Cost Effectiveness in Low- and Middle-Income Countries A Review of the Debates Surrounding Decision Rules


Shillcutt, SD; Walker, DG; Goodman, CA; Mills, AJ; (2009) Cost Effectiveness in Low- and Middle-Income Countries A Review of the Debates Surrounding Decision Rules. PharmacoEconomics, 27 (11). pp. 903-917. ISSN 1170-7690 DOI: https://doi.org/10.2165/10899580-000000000-00000

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Abstract

Cost-effectiveness analysis (CEA) is increasingly important in public health decision making, including in low- and middle-income countries. The decision makers' valuation of a unit of health gain, or ceiling ratio (lambda), is important in CEA as the relative value against which acceptability is defined, although values are usually chosen arbitrarily in practice. Reference case estimates for lambda are useful to promote consistency, facilitate new developments in decision analysis, compare estimates against benefit-cost ratios from other economic sectors, and explicitly inform decisions about equity in global health budgets. The aim of this article is to discuss values for lambda used in practice, including derivation based on affordability expectations (such as $US150 perdisability-adjusted life-year [DALY]), some multiple of gross national income or gross domestic product, and preference-elicitation methods, and explore the implications associated with each approach. The background to the debate is introduced, the theoretical bases of current values are reviewed, and examples are given of their application in practice. Advantages and disadvantages of each method for defining lambda are outlined, followed by an exploration of methodological and policy implications.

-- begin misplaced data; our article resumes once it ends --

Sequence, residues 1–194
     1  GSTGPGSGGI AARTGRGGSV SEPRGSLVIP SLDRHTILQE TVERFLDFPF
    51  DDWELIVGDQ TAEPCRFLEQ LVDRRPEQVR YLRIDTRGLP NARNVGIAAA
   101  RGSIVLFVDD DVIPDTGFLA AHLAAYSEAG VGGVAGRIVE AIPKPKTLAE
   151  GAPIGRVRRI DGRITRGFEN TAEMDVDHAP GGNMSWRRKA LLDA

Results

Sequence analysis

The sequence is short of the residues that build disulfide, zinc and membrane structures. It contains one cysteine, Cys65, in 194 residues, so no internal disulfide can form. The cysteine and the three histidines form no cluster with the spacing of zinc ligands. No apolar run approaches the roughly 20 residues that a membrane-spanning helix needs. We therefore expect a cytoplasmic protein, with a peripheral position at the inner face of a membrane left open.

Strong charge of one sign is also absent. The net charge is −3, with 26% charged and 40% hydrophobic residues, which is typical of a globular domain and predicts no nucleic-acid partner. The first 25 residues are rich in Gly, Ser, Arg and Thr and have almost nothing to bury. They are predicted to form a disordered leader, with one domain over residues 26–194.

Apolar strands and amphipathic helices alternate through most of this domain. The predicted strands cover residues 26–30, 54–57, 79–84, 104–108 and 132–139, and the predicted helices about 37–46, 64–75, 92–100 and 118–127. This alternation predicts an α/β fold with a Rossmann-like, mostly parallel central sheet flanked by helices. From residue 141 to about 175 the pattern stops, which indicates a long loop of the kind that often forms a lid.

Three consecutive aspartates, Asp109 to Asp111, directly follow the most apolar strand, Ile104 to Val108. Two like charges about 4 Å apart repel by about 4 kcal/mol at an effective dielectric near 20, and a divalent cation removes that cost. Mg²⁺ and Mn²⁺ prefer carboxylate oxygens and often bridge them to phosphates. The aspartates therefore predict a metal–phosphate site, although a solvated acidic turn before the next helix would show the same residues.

Item Type: Article
Keywords: willingness-to-pay, millennium development goals, efficiency trade-off, sub-saharan africa, health-care, economic evaluations, statistical, life, malaria control, global burden, interventions
Faculty and Department: Academic Services & Administration > Academic Administration
Faculty of Public Health and Policy > Dept of Global Health and Development
PubMed ID: 19888791
Web of Science ID: 273272300003
URI: http://researchonline.lshtm.ac.uk/id/eprint/4219

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